/ 15 November 2020

Probably one of the most beloved stories in the Bible is the story of Simon Peter’s loyalty to Jesus Christ. He followed, defended, and spread his teachings throughout his life and as a result, he was widely considered as the Church’s first pope. However, it is a well-known fact that this master-disciple tale is not all sunshine and rainbows. In truth, what rivals the story about Peter’s loyalty is the story of his denial. During the Last Supper, Jesus Christ predicted that Simon Peter will disown him thrice before the rooster crows. Peter vehemently denied that this will ever happen, but as the Holy Scripture chronicled, Peter did exactly as predicted.

In modern times and more specifically in the Philippine political landscape, there is another Peter whose loyalty is at par with Simon Peter’s; at least the way he professes such loyalty. The difference is, it is not loyalty to Jesus Christ that we are speaking of, and most importantly, it appears that there is no redemption to this Peter’s commitment and dedication. Worse, it might be the total opposite. Actually, it really is.

Allan Peter Cayetano came from a prominent Filipino political family. It is safe to say that his father’s legacy propelled him (and his other family members) to the public consciousness, allowing them to follow his footsteps in public service. He started young as a politician and was the youngest of many things: the youngest councilor in the Philippines in 1992 at 22 years old; the youngest vice mayor of Taguig at 24; he was the youngest representative in the 11th Congress at 27; was the youngest “Working” senator in the 14th Congress; at 37, he was the youngest Chair of the high profile Senate Blue Ribbon Committee; and finally, was one of the youngest contenders for the Senate Presidency and was the youngest Minority Leader in the history of the Philippine Senate at age 39. These accomplishments are hard to miss as they are particularly listed in his biography published on the website of the Philippine senate. Hence, it is not a surprise really that he has his eyes set to occupy a higher office, if not the highest.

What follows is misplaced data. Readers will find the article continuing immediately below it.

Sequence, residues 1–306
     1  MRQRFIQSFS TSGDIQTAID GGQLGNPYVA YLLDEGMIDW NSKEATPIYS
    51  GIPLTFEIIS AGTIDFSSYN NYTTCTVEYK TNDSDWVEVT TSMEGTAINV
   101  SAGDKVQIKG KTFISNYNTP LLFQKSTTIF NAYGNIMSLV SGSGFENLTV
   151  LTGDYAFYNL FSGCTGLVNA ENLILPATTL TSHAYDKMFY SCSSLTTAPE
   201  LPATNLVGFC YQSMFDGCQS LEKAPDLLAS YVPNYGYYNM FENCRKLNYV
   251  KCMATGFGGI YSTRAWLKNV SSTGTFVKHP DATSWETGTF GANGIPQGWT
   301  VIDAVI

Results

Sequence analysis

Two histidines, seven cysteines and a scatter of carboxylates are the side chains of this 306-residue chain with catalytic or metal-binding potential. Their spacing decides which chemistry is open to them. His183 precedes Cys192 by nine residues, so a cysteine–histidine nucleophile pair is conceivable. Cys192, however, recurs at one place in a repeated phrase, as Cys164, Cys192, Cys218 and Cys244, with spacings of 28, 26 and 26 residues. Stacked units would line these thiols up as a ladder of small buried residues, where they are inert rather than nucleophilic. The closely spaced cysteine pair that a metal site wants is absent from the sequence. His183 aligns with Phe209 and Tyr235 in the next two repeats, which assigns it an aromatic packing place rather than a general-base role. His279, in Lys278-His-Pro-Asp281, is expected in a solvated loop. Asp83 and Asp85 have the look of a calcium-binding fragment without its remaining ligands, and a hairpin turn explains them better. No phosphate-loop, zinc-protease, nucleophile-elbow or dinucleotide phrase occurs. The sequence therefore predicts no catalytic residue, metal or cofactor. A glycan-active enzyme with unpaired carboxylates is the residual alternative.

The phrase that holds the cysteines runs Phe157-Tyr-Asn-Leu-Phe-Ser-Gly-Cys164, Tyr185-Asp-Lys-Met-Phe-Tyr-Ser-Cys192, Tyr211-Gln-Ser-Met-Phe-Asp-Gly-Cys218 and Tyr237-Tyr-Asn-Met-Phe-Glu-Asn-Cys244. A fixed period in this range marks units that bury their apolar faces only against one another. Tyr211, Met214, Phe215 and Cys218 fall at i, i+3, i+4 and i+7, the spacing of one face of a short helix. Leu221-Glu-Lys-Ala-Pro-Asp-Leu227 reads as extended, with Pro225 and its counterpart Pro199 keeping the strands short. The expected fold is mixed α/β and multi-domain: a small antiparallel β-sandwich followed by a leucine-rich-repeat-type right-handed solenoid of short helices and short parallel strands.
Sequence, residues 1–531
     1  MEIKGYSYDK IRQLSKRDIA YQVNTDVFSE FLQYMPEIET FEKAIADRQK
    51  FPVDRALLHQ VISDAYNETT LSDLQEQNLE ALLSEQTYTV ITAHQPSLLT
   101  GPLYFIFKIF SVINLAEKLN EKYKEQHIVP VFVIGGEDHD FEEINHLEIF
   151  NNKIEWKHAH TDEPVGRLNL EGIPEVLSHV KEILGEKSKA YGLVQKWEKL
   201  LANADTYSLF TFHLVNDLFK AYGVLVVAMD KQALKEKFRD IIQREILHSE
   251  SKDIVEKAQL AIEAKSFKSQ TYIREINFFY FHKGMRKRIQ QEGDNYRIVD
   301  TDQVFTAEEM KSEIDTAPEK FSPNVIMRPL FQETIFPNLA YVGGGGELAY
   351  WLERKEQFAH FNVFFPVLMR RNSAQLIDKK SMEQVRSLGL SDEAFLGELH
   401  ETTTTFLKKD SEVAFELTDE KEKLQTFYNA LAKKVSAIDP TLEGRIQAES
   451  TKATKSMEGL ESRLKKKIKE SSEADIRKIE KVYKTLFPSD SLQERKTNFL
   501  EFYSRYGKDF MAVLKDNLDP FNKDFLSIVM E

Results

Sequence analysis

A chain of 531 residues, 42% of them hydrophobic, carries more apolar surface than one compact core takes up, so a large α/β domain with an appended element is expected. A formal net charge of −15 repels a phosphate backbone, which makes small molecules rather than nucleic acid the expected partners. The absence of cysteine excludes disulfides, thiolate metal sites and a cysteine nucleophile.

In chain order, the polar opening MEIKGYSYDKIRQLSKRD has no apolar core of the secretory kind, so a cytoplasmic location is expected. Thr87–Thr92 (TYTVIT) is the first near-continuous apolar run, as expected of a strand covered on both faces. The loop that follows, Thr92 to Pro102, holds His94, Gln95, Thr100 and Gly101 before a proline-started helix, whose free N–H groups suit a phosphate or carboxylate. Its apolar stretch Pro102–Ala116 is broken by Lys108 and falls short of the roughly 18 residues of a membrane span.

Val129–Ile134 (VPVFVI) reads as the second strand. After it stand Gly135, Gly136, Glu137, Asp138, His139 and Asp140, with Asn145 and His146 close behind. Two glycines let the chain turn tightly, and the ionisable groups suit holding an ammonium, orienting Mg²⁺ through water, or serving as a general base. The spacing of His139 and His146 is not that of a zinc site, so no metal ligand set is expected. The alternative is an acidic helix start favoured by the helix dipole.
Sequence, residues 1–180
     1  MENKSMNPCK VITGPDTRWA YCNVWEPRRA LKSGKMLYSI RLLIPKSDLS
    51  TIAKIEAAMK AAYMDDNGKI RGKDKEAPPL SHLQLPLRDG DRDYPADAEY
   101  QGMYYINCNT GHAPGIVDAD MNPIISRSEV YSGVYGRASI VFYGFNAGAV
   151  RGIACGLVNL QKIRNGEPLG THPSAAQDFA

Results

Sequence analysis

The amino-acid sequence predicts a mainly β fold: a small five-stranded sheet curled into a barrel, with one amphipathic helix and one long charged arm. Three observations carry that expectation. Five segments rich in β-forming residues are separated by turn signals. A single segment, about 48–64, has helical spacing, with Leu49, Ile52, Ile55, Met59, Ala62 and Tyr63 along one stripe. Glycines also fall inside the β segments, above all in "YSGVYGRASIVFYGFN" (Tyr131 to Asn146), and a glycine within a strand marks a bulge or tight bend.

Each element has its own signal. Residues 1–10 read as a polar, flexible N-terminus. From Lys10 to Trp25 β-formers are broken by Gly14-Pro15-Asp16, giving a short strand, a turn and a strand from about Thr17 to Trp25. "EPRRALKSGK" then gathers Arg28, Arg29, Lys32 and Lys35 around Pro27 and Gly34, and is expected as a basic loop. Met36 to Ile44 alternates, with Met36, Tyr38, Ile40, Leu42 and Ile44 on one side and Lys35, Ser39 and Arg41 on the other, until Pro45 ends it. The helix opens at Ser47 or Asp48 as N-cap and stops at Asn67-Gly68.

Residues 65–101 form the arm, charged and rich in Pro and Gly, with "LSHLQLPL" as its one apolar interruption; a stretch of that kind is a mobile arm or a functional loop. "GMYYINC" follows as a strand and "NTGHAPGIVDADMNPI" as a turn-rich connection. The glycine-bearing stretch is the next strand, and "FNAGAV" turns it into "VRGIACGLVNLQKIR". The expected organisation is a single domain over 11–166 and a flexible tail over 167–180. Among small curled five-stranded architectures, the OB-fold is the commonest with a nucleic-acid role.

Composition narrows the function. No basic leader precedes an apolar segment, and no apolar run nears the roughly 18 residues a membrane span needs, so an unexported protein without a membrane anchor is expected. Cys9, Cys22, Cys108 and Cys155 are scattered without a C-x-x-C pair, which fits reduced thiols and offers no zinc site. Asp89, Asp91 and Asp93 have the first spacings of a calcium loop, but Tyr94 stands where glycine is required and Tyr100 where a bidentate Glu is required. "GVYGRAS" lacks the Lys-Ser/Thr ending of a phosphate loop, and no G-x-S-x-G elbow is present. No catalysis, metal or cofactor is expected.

When Cayetano declared he was running as vice president in 2016, it was not a secret that his dream president was Rodrigo Duterte. He waited patiently for his decision and in the end, his wish was granted. If only all his wishes came true, it would have been a perfect story.

While on paper, Cayetano was Duterte’s vice president, their actual status was quite complicated. It was well-documented that Cayetano was not the only suitor to get Duterte’s yes; Antonio Trillanes tried but failed. But perhaps his biggest competition was Bongbong Marcos and throughout the campaign, there were red flags that suggest that Duterte is not fully committed to Cayetano. At one point in the campaign, Duterte openly declared that if he fails to stop corruption and criminality within three to six months, (which he did fail by the way), he will let Marcos take over, alluding that if he becomes president and fails, Marcos will succeed him. If it was an ordinary romantic relationship, that would have to make Duterte a player; but it was not, and Cayetano persevered and stood by Duterte, his dream partner. Unfortunately, Cayetano finished a far third in the vice presidential race behind the eventual winner Leni Robredo and Marcos.

Cayetano’s silver lining should have been the fact that Duterte was overwhelmingly voted as the president. However, it’s more of a line that indicates the end, instead of a beginning.